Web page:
The following is a guest article from Amrish Ganatra, Managing Director of Commcise Software Limited, a London-based provider of commission management software. Full analysis of the FCA’s final research unbundling policies was provided to ResearchWatch subscribers here.
Last week, the FCA released its second and final Policy Statement on MiFID II implementation. Chapter 7 of the document, which relates specifically to research, has thrown up some important points that we believe should be highlighted.
In its response on valuation and pricing of research, the FCA states that firms need to formulate ‘a clear methodology to establish what they expect to pay providers for research before they receive and consume services’. [My italics].
This is different to what firms have typically done in the past with a broker vote (which is commonly managed as an ex-post process). The FCA are aligned with ESMA’s guidance which suggests that asset managers may vary any [ex-post] payments made to research providers, based on actual services received, but any such variation must be ‘in a proportionate and predictable manner based on their [ex ante] criteria.’ This further highlights the need for firms to clearly lay out their budget and valuation methodology.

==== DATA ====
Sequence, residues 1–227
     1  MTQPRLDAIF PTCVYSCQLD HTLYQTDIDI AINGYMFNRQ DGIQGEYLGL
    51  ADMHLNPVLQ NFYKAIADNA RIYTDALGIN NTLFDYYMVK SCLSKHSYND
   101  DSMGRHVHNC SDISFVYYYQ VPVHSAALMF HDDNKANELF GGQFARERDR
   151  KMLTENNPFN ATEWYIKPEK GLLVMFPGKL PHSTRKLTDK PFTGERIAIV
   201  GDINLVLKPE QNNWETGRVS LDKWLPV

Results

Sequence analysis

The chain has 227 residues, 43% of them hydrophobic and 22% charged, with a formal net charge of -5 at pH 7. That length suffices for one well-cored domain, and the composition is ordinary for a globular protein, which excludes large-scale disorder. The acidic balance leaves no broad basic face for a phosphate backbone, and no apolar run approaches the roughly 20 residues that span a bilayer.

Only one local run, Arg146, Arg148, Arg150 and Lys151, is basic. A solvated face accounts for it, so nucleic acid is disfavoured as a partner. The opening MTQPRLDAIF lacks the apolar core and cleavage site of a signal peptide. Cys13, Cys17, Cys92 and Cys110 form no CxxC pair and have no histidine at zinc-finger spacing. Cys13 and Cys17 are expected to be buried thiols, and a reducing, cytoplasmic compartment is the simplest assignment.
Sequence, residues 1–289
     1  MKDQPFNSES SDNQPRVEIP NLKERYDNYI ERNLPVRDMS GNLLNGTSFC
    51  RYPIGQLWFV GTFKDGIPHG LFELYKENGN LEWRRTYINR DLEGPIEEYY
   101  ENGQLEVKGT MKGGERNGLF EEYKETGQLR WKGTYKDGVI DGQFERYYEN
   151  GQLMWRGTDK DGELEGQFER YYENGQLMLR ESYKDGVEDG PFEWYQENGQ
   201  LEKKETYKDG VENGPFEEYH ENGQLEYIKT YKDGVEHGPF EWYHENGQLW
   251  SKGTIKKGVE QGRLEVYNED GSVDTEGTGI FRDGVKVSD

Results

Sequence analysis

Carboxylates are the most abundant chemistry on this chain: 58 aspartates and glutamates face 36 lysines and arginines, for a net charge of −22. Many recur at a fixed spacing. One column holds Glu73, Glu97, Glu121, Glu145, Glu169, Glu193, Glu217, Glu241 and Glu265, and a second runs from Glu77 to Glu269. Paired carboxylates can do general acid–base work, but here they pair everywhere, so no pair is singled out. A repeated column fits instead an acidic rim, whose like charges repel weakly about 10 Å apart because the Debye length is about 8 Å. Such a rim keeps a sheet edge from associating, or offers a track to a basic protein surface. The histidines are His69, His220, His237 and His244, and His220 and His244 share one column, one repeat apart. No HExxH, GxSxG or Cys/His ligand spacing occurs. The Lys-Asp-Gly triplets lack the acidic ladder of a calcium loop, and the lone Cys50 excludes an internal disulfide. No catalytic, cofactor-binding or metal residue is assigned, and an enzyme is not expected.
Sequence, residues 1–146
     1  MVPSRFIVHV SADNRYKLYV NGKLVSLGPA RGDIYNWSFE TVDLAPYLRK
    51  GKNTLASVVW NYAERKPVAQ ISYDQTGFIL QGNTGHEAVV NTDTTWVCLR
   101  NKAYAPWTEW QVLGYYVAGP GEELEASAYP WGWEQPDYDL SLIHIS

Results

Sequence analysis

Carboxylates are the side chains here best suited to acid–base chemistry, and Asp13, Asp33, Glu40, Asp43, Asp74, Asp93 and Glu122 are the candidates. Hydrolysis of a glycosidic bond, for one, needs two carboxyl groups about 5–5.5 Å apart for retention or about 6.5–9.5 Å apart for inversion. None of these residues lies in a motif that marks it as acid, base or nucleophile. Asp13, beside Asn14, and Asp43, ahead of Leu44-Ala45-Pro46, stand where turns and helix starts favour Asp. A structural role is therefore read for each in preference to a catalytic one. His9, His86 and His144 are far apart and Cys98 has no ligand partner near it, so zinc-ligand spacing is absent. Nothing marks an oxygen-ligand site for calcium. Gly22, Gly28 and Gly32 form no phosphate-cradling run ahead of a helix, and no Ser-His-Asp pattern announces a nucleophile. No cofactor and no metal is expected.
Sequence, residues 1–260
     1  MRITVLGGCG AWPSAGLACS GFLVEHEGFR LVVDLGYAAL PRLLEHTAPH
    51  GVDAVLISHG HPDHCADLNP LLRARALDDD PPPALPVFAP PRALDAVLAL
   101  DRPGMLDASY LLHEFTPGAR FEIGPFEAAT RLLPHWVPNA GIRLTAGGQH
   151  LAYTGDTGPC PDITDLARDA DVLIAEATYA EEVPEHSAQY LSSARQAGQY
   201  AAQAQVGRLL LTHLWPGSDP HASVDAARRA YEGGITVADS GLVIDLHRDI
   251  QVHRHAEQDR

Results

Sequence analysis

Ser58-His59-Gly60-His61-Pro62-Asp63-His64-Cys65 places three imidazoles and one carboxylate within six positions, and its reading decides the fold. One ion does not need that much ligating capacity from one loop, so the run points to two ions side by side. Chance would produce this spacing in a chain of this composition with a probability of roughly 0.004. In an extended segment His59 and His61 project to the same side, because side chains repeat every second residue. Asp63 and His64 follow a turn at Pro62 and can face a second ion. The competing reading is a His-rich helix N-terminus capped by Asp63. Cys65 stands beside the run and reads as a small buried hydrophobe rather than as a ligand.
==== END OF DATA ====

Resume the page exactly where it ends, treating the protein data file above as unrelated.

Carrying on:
The Policy Statement stresses in various places that firms need to put in place appropriate controls and management oversight. In the FCA’s response on RPA funding and payment mechanisms, they have clarified that where a firm uses a combination of RPA methods (e.g. transaction-based and P&L), the firm needs to set out in its research policy how it intends to allocate costs fairly across clients and portfolios.
This is an important point because it means that any asset manager that uses more than one funding method has to evidence that there is a clear and fair allocation across all clients, and they have to take “all reasonable steps” to prevent any conflicts.
Firms will need to ensure they have the necessary controls in place to ensure that the only thing they pay for from an RPA is research, and not any other service. This is made clear in the Policy Statement response on payments for RPA administration and mixed-use services.
The FCA clarifies that anything that cannot clearly be evidenced as research, or where there might be ambiguity around the mixed nature of a given service, the asset manager should consider paying for such services out of their own resources and not from an RPA.
Responding to the operational aspects of Research Payment Accounts (RPAs), the FCA has indicated that firms can hold research balances with more than one firm provided that each individual RPA is still adequately protected in line with COBS 2.3B.19G. Asset Managers would then virtually account for research at desk/strategy or fund level.
Why is this important? Because it means that firms can continue to hold money with their executing broker and maintain a separate RPA for funds that are within the scope of MiFID. This is particularly relevant to US or other non-EU domiciled firms, as it may ease the challenges currently faced in paying US brokers from an RPA.
Payment for RPA Administration
Where an asset manager chooses to employ a third-party firm to manage their Research Payment Account, the asset manager must pay the RPA Administrator for this service.